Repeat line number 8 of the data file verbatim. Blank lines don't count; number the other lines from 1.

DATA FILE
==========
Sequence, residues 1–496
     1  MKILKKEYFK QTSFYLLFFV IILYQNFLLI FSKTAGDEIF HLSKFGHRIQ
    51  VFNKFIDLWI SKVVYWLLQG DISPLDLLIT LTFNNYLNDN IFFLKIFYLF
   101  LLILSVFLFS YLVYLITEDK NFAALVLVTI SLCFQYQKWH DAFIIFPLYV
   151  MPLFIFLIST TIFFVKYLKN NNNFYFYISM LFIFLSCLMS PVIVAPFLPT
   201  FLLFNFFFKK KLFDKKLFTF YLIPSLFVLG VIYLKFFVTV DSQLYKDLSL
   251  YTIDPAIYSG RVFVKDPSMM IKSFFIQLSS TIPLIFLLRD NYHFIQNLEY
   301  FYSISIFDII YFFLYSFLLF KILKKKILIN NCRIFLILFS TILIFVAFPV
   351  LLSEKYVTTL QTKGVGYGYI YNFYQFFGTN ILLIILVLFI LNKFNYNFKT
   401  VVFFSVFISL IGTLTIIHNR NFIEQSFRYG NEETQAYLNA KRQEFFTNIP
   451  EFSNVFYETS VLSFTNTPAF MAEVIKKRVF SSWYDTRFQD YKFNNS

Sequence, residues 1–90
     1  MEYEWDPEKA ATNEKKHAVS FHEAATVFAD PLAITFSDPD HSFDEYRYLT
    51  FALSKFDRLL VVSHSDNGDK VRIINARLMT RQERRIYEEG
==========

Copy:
   301  FYSISIFDII YFFLYSFLLF KILKKKILIN NCRIFLILFS TILIFVAFPV